Date of Award
Selected Creative Commons License
This work is licensed under a Creative Commons Attribution-NonCommercial-No Derivative Works 4.0 International License.
Doctor of Philosophy (Ph.D.) Nursing
Dr. Lois Moylan
Background: According to the Institute of Medicine, interprofessional teams offer the most effective way to assure the safe delivery of patient-centered care. Nurses need to possess the ability to speak up as members of interprofessional teams. Nurses who believe in their abilities to perform and who possess assertive communication skills are more successful, resulting in better patient outcomes.
Purpose: The purpose of this quantitative study was to examine newly practicing registered nurses’ perceived level of self-efficacy, perceived level of assertiveness, and perceived interprofessional collaboration.
Participants: Former members of the National Student Nurses Association who graduated in 2017 and 2018 and are now working as registered professional nurses.
Methods: The quantitative survey was comprised of three tools, demographic questions, and one additional qualitative open-ended question. The three tools used were: General Self-Efficacy Scale, Simplified Rathus Assertiveness Scale - Short Form, and Interprofessional Collaboration Scale. An electronic survey was sent to 3,793 graduates with a follow-up reminder two weeks later. Of the responses, 410 met inclusion criteria for analysis. Statistical methods employed for analysis with the use of SPSS included descriptive analysis, point-biserial and Pearson’s product-moment correlations, ANOVA, and t-tests. An additional open-ended qualitative question was included to inquire about perceived current interprofessional collaborative practice during the COVID-19 pandemic.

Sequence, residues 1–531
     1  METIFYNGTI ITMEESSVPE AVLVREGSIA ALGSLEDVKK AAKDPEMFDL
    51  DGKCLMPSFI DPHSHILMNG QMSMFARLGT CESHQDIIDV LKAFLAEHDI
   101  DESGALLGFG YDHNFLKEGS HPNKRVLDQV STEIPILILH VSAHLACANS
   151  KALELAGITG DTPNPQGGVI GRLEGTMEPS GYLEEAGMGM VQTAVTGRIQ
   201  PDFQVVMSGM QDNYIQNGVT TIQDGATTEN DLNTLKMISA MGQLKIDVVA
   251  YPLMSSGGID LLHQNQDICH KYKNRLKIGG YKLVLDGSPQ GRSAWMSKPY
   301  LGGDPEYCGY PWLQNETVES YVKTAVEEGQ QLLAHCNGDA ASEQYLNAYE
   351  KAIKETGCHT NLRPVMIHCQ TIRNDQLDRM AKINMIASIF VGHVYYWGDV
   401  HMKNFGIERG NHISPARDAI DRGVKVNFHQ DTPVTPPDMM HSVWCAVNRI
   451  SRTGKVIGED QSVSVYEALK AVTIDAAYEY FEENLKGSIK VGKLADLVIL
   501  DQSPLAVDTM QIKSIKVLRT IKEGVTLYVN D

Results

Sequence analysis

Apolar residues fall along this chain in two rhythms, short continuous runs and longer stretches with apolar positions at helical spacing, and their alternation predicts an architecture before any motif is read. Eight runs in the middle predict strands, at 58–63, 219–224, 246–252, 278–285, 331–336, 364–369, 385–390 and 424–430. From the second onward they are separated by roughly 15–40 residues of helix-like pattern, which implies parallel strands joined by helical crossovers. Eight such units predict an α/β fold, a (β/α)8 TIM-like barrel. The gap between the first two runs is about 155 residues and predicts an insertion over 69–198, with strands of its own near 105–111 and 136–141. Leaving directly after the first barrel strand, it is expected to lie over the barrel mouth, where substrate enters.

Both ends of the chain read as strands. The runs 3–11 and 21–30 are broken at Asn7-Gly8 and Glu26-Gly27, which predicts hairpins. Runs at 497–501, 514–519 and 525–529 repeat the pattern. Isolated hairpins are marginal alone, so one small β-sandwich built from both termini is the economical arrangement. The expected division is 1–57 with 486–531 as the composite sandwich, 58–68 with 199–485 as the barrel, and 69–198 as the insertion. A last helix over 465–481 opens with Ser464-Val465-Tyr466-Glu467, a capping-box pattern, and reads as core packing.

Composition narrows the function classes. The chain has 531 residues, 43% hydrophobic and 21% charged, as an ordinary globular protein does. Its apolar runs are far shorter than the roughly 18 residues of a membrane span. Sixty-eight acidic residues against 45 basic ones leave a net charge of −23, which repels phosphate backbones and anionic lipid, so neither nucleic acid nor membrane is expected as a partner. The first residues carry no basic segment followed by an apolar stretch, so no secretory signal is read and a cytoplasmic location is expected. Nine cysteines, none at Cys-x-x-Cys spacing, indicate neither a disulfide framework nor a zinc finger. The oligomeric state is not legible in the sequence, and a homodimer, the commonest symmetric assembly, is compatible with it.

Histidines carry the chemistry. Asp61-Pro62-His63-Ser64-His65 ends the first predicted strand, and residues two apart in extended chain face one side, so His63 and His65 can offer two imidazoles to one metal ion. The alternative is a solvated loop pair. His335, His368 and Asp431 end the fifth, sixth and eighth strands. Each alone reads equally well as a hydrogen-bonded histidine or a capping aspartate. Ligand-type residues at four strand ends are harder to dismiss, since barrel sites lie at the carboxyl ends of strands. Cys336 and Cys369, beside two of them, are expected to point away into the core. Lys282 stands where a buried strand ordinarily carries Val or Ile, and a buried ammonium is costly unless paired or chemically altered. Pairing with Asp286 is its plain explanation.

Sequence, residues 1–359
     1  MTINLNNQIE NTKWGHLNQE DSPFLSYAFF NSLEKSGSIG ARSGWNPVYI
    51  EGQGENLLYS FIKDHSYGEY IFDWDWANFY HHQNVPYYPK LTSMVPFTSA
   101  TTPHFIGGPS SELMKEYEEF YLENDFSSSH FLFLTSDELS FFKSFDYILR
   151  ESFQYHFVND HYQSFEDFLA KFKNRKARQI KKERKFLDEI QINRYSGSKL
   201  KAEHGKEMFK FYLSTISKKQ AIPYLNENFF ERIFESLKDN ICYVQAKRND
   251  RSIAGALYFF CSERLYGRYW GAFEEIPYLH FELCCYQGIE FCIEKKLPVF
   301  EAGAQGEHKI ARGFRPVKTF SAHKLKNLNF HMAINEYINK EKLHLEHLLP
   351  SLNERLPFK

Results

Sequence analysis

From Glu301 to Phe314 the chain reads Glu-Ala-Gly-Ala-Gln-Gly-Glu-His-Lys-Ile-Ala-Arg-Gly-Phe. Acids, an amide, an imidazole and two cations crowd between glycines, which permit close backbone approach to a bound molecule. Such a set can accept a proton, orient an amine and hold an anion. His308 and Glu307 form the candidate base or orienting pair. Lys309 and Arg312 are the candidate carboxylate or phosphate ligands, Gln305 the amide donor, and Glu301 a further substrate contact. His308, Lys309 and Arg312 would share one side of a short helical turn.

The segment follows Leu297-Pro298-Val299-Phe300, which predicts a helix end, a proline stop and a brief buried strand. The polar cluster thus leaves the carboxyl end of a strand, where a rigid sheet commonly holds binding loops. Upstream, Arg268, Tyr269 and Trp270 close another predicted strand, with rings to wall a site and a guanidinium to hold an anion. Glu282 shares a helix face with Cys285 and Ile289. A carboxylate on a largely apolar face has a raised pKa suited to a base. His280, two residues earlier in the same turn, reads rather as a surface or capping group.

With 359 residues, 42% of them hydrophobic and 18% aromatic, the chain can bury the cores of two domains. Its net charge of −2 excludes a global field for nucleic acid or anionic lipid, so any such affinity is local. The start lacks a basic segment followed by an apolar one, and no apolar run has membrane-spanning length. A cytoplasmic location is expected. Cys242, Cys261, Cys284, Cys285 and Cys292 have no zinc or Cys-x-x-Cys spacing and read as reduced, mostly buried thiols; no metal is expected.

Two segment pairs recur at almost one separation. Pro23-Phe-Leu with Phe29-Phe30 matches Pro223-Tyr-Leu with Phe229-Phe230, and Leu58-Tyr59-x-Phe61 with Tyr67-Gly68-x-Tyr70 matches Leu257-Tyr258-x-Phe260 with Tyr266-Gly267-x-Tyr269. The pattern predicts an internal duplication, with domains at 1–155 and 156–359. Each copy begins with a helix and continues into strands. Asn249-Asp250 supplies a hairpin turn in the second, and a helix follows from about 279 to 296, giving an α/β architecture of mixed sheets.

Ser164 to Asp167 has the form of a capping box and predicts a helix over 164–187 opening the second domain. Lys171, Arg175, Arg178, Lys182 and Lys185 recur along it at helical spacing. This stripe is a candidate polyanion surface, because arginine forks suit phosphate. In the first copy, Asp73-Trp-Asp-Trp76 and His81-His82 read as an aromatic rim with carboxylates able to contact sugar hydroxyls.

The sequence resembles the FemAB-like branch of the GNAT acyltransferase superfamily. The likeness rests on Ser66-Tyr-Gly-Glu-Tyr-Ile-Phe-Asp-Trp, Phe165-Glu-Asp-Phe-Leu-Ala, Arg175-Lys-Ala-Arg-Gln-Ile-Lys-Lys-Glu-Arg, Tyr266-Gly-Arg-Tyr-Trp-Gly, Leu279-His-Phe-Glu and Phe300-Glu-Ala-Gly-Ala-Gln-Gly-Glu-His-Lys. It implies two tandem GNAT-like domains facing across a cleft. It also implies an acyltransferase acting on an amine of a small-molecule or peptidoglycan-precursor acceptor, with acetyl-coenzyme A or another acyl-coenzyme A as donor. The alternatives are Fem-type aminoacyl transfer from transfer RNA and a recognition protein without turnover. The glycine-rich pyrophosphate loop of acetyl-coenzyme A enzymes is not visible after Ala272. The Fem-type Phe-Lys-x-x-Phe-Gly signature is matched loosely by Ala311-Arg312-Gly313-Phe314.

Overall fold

Results: Key findings demonstrated statistically significant correlations between the variables of perceived self-efficacy, perceived assertiveness, and interprofessional collaboration. Additional findings related to demographic characteristics showed that there were positive significant correlations between both age and assertiveness as well as age and self-efficacy. In addition, the sample was then divided into two groups: RNs with less than two years of working experience and RNs with more than two years of working experience. The years of RN working experience did yield significant differences. No differences between groups were noted for nursing degree type or prior healthcare employment. Responses to an open-ended question inquiring about the RNs’ current practice, in light of the COVID-19 pandemic, were reviewed for common themes and showed that almost 43% of the participants expressed that the pandemic had a negative impact on interprofessional collaborative practice.
Conclusion and Implications: The information obtained from this study will add to the body of knowledge about newly practicing nurses’ perceived self-efficacy, perceived assertiveness, and perceived interprofessional collaborative practice. The results obtained may guide future curriculum development; healthcare systems policies, workplace education, and training programs for all professional staff; and research in interprofessional education.
Baglietto, Janice, "A Quantitative Analysis of Newly Practicing Nurses' Perceived Self-Efficacy, Assertiveness, and Interprofessional Collaboration" (2021). Theses & Dissertations. 114.